My final impression of Caleb as a student was the speech he made as the SoC Valedictorian, where he extolled the importance of creating value and not just pursuing wealth and status. I guess that's a value that agrees with me.

Clearly, you are passionate about teaching and you care about your students. Tell me a bit about this.
I think the main thing about my teaching is that I believe in what I am doing and I believe that it makes a difference. The trouble with teaching, frankly, is that it is very hard to measure. We really cannot say for sure what we achieved, or not. However, I believe in inspiration. I believe that it is important for us to be inspired in our work -- and to be inspired, we need to believe that what we are doing actually makes a difference. I might be delusional, but if so, I think it's good delusion. It is not always easy for each of us to find our place in life. What I can share is that I believe I found my calling back in secondary school when we sang this song "If I can help somebody". The lyrics somehow spoke to me:
If I can do my duty, as a good man ought,
If I can bring back beauty, to a world up wrought,
If I can spread love's message, as the Master taught,
Then my living shall not be in vain. 
And I had this epiphany. I realized at the moment that I wanted to live my life by helping people -- but at the point in time, I didn't really know how exactly I would do it. I guess in my current job as a professor, I help students. It is not just about learning stuff and getting good grades. I believe that, more important than that, my duty is to see how I can help students live good lives when they grow up.

If there was only one piece of advice you could give a SoC student, what would it be?
I think it is important to come to terms with how small and insignificant we all are. I think people fear failure because they are worried about what others will think of them. The insight is that most people are typically too self-absorbed in their own lives and own problems to have the time and space to care about what really happens to others. This realization is very liberating because it makes failures so much less scary. The corollary is that it is actually okay to fail because when one succeeds just once, most people won't remember the failures. I would encourage SoC students to try new things, break new ground and to push themselves, and not be held back by the fear of failure. Many claim that there are no second chances. I believe that it is all in the head and that we never really fail, until we give up.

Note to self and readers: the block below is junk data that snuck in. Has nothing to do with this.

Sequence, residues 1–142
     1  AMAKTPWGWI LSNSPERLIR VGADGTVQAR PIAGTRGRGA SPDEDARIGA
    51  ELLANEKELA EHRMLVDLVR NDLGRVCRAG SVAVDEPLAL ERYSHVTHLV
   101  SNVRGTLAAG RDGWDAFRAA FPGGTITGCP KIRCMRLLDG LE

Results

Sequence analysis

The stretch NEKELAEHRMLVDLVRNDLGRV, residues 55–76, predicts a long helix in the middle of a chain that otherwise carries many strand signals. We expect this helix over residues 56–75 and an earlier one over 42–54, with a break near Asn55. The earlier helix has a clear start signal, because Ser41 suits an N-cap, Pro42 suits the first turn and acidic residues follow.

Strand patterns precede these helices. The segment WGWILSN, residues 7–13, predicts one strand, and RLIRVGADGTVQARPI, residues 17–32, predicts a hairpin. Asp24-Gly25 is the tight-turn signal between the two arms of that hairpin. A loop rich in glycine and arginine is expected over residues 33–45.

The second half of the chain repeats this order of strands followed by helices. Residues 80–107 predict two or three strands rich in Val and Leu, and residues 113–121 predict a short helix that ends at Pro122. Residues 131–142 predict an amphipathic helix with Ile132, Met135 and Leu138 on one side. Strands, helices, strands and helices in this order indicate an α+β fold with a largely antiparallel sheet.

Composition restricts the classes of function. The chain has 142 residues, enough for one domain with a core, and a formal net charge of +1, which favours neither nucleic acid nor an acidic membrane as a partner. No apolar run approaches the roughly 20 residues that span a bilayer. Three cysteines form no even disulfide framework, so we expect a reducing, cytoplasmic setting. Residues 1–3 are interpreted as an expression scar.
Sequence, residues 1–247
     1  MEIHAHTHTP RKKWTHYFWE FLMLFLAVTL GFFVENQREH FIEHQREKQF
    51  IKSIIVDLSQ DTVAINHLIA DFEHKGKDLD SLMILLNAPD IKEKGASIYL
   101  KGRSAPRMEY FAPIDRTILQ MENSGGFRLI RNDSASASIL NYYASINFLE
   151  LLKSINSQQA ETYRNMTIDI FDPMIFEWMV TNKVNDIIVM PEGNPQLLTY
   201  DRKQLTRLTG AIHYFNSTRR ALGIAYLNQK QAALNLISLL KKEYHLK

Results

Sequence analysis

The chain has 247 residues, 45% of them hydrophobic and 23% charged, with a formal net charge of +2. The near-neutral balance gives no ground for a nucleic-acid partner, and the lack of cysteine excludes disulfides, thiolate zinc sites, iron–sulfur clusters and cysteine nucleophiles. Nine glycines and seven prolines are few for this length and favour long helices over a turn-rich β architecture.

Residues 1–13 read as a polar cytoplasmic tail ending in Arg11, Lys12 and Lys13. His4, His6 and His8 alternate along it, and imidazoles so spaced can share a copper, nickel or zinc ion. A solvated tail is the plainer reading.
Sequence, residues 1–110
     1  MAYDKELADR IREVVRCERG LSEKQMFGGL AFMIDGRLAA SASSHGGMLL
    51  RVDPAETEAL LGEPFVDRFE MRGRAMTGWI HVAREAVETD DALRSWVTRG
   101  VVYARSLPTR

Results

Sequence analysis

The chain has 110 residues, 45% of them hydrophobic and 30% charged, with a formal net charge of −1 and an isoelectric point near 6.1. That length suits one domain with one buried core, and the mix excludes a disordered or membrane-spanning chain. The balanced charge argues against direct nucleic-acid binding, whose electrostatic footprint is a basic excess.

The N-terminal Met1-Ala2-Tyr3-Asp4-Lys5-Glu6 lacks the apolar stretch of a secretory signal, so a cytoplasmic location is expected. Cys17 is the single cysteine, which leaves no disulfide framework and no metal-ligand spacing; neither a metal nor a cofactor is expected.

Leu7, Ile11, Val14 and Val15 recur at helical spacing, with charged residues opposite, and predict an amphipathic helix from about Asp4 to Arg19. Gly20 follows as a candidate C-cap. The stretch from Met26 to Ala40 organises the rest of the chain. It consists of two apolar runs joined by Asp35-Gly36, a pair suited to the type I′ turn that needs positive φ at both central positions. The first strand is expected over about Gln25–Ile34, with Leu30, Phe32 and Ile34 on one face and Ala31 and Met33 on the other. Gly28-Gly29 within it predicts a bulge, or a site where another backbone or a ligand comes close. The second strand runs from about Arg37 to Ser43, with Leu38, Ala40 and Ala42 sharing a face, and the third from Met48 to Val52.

Quick-fire! Guilty pleasure?
I buy games off Steam whenever there are discounts and when I am not working I check out some of them. I can never actually find the time to finish a game, so what I am really trying to do is to try to find and appreciate new ideas. I think there is a lot of creativity in games and it is interesting to check out new game concepts and to try to appreciate the cleverness and concept. The other thing that I like to do is to get an appreciation for the state-of-art in computer graphics and animation.

Three ultimate dinner party guests
Lee Kuan Yew, Warren Buffett & Pope Francis.